As protesters chanted “Shame!” outside, Brett Kavanaugh was narrowly confirmed for a pivotal Supreme Court vacancy by the Senate, whose partisan divisions mirror those of a country sharply split over the nominee and allegations of sexual assault in his past.
The 50-48 vote was at the center of a swirl of political activity: senators positioning themselves for November re-election bids, President Donald Trump declaring a “big day for America!” and demonstrators — including some inside the Senate chamber — angrily denouncing the vote as evidence that women’s voices are not heeded.
Kavanaugh, Trump’s second appointment to the high court, will fill the seat of retiring Justice Anthony Kennedy, who was a decisive vote on such issues as same-sex marriage and the Trump administration’s travel ban affecting Muslim-majority nations. Democrats have expressed concern that Kavanaugh could give the court a conservative bent for a generation.
A number of women were removed from the Senate visitors’ gallery after shouting protests — “Shame on you” and “American women deserve better” — once the vote began. A few tried to sit down and were commanded to stand and be led out.
Vice President Mike Pence was presiding in case his vote was needed to break a tie.
“Judge Brett Kavanaugh is among the very best our nation has to offer,” said Senate Republican leader Mitch McConnell. He said the confirmation would send a message that the Senate was not about “personal destruction” but was a place “where the evidence and the facts matter.”
But Senate Democratic leader Chuck Schumer said Kavanaugh’s appointment, and a process that Democrats said was unfairly rushed, would go down as “a flashing red warning light of what to avoid.”
Schumer called Kavanaugh’s approval “a low moment for the Senate, for the court, for the country” and urged Americans feeling “deep anguish” to express their disapproval at the ballot box.
McConnell said he called to congratulate Kavanaugh following the closest such vote since 1881.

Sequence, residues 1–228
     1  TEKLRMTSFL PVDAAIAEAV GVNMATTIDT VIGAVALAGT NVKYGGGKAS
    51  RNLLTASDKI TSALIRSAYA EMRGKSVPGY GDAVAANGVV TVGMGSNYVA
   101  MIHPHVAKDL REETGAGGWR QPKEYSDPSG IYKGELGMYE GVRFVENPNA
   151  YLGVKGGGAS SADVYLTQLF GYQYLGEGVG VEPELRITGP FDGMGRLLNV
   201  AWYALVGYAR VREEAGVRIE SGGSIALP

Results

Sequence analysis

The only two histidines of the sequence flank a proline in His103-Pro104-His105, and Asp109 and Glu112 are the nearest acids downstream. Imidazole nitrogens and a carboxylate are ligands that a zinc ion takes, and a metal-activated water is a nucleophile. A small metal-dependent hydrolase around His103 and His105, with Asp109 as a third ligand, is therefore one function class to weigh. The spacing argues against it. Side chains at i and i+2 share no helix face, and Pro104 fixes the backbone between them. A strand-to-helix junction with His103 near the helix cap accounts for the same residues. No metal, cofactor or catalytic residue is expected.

“I applaud and congratulate the U.S. Senate for confirming our GREAT NOMINEE, Judge Brett Kavanaugh, to the United States Supreme Court,” tweeted Trump, who was headed to a rally in Kansas. “Later today, I will sign his Commission of Appointment, and he will be officially sworn in. Very exciting!”
Kavanaugh was sworn in later Saturday.
The vote followed last month’s testimony by Christine Blasey Ford, a psychology professor. She told the Senate Judiciary Committee that Kavanaugh assaulted her, tried to remove her clothing and put his hand over her mouth when she tried to scream. Both were students at private Montgomery County high schools at the time.
Kavanaugh denied the accusations of Blasey Ford and those of Deborah Ramirez, who also accused him of sexual misconduct.
The Senate stayed through Friday night and into Saturday so members could deliver speeches, often to a mostly-empty chamber, until the final vote.
Some of the speeches were unusually personal, reflecting the emotions surrounding a nomination that, for many women, tapped into the #MeToo campaign about standing up to sexual abuse.
“I have received written statements from over 50 Marylanders telling me about the sexual abuse they had encountered,” Maryland Sen. Chris Van Hollen said in his floor speech.
“Some of them told me they had shared with me what they had not shared with their own family members,” said Van Hollen. “They tell me they remember the clothing they wore the day they were assaulted. They tell me they remember the scent, the cologne.”